Can we also expect non-technological innovations?
Yes we can. The way academic research is conducted, for example, will have to adapt. In recent decades it has mainly been about independent research. That is a limiting factor for the pace of innovation.
We need to move toward mission-driven programming of academic research. In other words, the use of the knowledge is actually considered a priority in the development of that knowledge. That is the way to ensure that innovations filter through the entire chain more quickly and that innovations are realized at a rapid pace.
Is this still happening not enough?
Academic researchers experience this as an infringement of their academic freedom. That’s a real pity. This means that quite a bit of applicable knowledge ten ends up falling between the cracks.
Is there more interest in innovation amongst the business community?
There is increasingly more interest in it. But there is a big difference between a company that picks up a nice new invention and a company that ventures out and finds one. I myself spent 15 years at AkzoNobel and in that last job, I was globally responsible for innovation and technology.
I did see it there, but you see it everywhere in business that companies do not have a long-term vision. In fact, this kind of programmatic approach is nowhere to be seen. After all, companies tend to look at the here and now; at best, they might take the next step in business development, but very rarely do they ever look at long-term development.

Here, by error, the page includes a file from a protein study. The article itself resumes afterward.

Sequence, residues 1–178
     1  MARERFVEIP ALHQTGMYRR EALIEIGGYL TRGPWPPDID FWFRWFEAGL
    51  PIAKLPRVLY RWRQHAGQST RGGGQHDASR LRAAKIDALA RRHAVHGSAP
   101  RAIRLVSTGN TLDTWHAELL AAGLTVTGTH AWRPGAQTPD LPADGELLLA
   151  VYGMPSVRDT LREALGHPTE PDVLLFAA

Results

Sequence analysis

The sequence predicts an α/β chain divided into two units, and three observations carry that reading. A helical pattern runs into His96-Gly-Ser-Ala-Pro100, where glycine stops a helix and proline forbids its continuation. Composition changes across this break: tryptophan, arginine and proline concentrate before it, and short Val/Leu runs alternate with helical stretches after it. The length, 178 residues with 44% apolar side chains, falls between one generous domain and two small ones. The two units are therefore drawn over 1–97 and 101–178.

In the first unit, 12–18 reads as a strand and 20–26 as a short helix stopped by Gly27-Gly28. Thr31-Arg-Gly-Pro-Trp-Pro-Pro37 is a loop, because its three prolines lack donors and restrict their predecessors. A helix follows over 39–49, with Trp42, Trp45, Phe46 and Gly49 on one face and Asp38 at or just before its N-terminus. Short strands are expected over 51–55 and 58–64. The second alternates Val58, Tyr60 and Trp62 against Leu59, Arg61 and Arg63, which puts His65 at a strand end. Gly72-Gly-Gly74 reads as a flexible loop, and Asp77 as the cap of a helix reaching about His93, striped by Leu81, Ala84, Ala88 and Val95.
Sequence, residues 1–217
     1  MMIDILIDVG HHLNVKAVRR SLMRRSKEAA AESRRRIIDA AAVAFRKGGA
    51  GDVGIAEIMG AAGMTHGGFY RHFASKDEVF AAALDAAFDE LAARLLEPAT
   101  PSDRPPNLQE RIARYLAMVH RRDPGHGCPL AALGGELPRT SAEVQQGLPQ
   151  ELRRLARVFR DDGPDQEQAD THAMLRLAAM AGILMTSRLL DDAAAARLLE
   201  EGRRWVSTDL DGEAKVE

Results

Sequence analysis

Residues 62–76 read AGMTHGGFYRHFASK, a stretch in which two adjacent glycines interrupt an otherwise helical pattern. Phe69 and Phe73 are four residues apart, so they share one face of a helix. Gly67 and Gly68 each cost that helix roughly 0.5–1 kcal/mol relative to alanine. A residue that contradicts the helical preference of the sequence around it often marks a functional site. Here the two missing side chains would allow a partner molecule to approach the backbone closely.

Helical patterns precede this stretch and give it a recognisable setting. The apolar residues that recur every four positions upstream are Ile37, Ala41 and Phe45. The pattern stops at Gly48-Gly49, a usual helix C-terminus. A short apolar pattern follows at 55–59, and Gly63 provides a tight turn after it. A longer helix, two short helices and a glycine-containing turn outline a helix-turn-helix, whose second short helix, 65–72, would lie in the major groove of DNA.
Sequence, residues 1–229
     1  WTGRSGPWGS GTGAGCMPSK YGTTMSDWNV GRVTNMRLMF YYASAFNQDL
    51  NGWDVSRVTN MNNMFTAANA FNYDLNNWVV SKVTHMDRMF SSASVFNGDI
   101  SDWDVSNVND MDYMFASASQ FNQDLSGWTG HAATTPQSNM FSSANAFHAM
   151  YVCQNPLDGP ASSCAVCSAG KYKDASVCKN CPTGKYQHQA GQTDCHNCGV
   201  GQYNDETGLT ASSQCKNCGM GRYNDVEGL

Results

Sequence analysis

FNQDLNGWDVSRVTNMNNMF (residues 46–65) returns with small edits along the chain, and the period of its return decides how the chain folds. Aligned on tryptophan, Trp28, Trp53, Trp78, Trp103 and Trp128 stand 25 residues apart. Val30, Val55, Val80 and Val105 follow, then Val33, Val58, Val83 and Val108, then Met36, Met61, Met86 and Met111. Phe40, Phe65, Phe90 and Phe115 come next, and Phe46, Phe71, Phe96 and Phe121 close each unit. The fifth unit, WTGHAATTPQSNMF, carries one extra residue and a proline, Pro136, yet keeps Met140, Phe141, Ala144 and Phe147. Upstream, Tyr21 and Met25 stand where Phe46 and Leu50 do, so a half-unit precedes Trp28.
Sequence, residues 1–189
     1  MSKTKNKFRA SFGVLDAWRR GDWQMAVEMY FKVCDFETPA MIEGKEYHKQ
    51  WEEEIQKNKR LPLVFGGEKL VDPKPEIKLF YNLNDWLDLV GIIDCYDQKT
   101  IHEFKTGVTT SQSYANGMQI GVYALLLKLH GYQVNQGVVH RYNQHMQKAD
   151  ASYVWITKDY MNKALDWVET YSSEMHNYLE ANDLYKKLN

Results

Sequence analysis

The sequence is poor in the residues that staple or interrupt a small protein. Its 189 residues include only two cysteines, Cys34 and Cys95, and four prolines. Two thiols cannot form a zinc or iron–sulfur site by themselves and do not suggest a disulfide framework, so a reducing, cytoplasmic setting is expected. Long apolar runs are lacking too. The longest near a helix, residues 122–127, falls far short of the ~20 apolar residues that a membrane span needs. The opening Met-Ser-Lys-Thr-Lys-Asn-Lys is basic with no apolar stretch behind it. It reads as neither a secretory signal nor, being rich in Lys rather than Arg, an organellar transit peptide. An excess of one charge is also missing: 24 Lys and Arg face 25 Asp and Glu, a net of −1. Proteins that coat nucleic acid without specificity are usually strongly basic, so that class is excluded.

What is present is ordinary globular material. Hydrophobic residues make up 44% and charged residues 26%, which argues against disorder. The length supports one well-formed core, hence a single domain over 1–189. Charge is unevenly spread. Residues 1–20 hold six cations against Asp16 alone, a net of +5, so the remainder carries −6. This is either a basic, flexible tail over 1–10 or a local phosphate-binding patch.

Take the way we look at patents as well. It is always hoped that one or more patents will materialize out of a particular project. We need to turn that idea around. We ought to think upfront: What do we need to patent to make sure that we are creating something new? We need to steer the process of innovation much more forcefully than we have done so far. Leave less to chance and more to programming.
Nevertheless, a lot of projects are being jointly undertaken by universities and companies.
Like you already said: They are projects. But stacking up projects is not the same as having a program on which you then hitch projects to. Programming means you go into the innovation process in a different way, because innovation becomes part of the bigger scheme of things.
Doesn’t programming of innovation, to put a name to it, already does exist?
At our university, almost 1,000 researchers are working in the energy field. That spans across all five faculties. In order to create cohesion, direction and visibility for these specializations, a few years ago we established the Center for Energy Innovation. In it, we have bundled a number of specializations based on the knowledge we have available in-house. We identified four areas of focus: Negative emission technology, battery technology, digitalization of energy systems, and energy-neutral data centers. This approach is proving successful. For example, we are currently in talks with Facebook. The company came to us because, according to them, there isn’t a holistic approach to this kind of program anywhere in academia.
Also read about energy storage as the key to the carbon-neutral society.